Tuesday, February 2, 2010

Earnings Check-up Spurs Stocks Higher

A big surprise from homebuilder D.R. Horton (DHI) pushed stocks higher on Tuesday, as optimism spread that the US economy was truly on the rebound. The company said it earned $192 million, or 56 cents per share, in its fiscal first quarter, after analysts' called for a loss of $62.6 million, or 13 cents per share. The gigantic improvement, however, was mostly due to a tax gain of $149 million, making the true earnings picture much cloudier. Shares of D.H. Horton rose nearly 11% on the day.

Additionally, Emerson Electric (EMR) beat estimates, posting a profit, though a smaller one than last year at the same time.

Dow Chemical (DOW) may have had the most sobering and honest report of the day, though. The company earned $87 million, or 8 cents per share, compared to a loss of $1.55 billion, or $1.68 a share, in the year-ago period. While becoming profitable again, Chairman and Chief Executive Andrew Liveris warned that growth in the US and Europe may lag and that the overall global economy remains uneven.

Investors took all of this in stride and bought stocks like they were going out of style, which, to some degree, they actually are. There's more and more investor skittishness stemming from the financial meltdown of '08 and the missteps and inconsistent signals from both the administration and congress aren't helping matters much. A ton of money is still parked in money market funds or headed into less-mainstream investments.

Stocks are below their recent highs, though not down far enough to encourage the kind of wide-eyed participation seen today.

With the January non-farms payroll data due out on Friday, and ADP's private employment survey hitting the wires prior to Wednesday's open, the two-day rally may be more of a bounce than a lasting event. Unemployment remains stubbornly high and any disappointment in the upcoming employment data may skewer those who rushed in yesterday and today.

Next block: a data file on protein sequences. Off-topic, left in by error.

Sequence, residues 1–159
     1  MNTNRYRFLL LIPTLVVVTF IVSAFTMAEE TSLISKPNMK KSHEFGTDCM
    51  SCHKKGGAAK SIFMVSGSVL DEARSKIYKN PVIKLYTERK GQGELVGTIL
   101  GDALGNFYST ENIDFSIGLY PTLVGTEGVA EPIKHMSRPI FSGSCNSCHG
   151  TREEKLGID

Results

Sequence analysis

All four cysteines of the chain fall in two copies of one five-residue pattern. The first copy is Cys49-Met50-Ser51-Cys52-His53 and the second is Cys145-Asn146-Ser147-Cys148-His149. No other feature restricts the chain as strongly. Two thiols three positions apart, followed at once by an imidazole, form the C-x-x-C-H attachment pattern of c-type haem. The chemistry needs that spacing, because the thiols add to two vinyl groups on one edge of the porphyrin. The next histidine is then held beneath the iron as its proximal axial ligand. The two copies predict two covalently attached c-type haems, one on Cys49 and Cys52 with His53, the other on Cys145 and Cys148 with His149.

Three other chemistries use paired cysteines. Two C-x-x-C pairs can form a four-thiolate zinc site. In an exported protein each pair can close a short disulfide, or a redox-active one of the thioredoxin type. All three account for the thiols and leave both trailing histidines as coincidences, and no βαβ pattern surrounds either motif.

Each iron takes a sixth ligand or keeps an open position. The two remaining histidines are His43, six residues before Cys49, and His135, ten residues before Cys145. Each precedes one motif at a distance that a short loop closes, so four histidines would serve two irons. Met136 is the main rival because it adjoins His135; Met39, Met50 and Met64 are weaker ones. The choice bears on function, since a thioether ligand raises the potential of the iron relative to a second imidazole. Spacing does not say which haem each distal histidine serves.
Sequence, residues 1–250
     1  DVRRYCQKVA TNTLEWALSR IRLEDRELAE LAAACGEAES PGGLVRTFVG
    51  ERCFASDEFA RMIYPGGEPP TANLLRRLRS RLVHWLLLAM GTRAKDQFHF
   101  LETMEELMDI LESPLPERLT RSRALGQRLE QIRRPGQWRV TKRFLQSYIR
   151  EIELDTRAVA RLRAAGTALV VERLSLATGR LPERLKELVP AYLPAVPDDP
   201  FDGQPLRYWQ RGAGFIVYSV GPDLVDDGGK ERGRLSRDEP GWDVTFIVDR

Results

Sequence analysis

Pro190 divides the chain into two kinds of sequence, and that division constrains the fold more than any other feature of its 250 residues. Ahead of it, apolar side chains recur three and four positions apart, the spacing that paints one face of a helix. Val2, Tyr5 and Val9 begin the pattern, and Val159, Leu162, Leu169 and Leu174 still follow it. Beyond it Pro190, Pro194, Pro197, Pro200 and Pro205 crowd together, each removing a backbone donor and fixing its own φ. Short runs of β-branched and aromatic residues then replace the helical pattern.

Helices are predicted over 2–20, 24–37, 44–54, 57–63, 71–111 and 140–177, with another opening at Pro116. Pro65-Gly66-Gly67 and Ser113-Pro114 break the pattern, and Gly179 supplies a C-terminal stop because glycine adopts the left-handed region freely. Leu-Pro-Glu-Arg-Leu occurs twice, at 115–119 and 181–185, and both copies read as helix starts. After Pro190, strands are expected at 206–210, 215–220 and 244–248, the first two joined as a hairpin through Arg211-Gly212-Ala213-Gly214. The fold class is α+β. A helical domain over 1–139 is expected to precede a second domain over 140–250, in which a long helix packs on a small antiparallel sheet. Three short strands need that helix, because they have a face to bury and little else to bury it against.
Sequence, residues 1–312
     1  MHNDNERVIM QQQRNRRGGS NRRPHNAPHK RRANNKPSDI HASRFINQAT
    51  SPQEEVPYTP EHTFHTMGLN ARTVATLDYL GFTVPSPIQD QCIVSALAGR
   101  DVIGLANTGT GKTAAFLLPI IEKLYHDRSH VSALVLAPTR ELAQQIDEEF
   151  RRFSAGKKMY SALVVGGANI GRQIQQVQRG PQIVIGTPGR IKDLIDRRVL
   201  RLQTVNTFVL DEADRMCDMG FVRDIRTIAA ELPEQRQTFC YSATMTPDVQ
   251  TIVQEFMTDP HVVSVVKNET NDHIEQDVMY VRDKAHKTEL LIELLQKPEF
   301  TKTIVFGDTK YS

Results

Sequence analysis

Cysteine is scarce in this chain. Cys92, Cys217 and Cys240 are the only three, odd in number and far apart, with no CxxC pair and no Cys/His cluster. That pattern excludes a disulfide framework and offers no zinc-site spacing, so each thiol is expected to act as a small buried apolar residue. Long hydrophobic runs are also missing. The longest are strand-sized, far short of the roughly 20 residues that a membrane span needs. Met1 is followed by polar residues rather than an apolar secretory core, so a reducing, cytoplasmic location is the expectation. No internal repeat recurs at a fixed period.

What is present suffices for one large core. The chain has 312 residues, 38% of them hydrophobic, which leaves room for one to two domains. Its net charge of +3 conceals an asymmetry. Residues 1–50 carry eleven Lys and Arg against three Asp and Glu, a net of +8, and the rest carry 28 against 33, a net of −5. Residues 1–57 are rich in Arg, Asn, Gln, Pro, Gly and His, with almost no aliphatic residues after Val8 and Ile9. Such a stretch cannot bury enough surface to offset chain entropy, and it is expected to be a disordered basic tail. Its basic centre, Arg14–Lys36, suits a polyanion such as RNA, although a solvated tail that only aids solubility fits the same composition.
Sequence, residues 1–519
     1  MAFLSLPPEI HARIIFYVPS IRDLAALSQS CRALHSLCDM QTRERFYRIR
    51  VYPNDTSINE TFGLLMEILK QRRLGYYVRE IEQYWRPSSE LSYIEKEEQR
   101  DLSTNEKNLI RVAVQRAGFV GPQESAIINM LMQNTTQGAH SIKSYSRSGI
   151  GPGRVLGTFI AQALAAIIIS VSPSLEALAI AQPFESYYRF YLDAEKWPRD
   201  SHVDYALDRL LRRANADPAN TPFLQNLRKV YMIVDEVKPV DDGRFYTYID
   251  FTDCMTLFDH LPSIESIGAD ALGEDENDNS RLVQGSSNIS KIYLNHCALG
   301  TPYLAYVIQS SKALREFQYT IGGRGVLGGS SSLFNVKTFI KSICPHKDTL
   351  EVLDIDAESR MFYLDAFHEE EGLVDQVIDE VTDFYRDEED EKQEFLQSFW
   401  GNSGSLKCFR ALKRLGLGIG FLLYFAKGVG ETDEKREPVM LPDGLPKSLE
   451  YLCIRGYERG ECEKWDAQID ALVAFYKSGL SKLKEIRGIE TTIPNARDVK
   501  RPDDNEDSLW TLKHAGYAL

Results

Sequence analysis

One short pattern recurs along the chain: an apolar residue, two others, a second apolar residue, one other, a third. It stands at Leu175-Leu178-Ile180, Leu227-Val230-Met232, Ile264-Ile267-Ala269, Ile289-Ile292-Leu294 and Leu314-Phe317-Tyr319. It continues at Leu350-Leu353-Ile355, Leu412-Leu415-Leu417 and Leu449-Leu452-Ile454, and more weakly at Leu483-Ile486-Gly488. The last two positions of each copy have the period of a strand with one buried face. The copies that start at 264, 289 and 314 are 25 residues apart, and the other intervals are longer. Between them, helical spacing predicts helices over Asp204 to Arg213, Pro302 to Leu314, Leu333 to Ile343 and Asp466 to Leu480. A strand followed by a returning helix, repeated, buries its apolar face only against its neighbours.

Besides the worries over unemployment, price rises in stocks are pushing p/e ratios close to nosebleed territory even though many companies have not increased revenues to the point at which they are planning to hire.

Dow 10,296.85, +111.32 (1.09%)
NASDAQ 2,190.06, +18.86 (0.87%)
S&P 500 1,103.32, +14.14 (1.30%)
NYSE Composite 7,101.44, +93.21 (1.33%)

Advancing issues outpaced decliners by a healthy margin for the second straight day, 4470-2051. There were 157 new highs, to just 57 new lows. Volume was very good, though not out of the recent range.

NYSE Volume 5,502,060,000
NASDAQ Volume 2,508,011,500

Commodities advanced, with crude oil leading the charge, up $1.77, to $77.23. Gold rose $13.20, to 1,118.20. Silver gained 8 cents to $16.74.

The major indices fell through their 50-day moving averages last week, so a snap-back rally like this is not unconventional. Notably, the 50-day moving average for the Dow Jones Industrials has reversed course, pointing lower for the first time since July of last year. It's going to take more than a few company earnings reports to restore confidence and resume last year's miracle rally.

A more probable outcome is that stocks languish further after earnings dissipate from investors' minds and the focus shifts more toward economic reports, the government and outside events. Growth in the economy has returned, but the stock market gains were so overdone in '09 that there's little upside from here.

Adding to the confusion are housing and unemployment, which remain the bogey men in the closet. Nobody is going to sleep well until foreclosure data begins to subside and employment begins to perk up. For now, it's mostly empty rhetoric and cheerleading from major firms and the entrenched financial reporters who toil on Wall Street.

Real estate markets across the country are still reeling, government budgets are broken, especially in municipalities of more than 100,000, and jobs simply are not being created by the biggest companies. The stimulus package passed by congress last year only staved off a depression. Another round of stimuli - focused on Main Street and small business - is essential to sustain any momentum that's been garnered.

As for stocks, they're generally 20-30% below their 2007 highs, and while many investors are hoping for a return to those levels, that outcome is highly in doubt because stock prices were wildly over-inflated at that juncture. The collapse of the market was more a predestined event than a surprise, so bullish arguments for continuation of the rally - which seems to have fallen apart - ring hollow.

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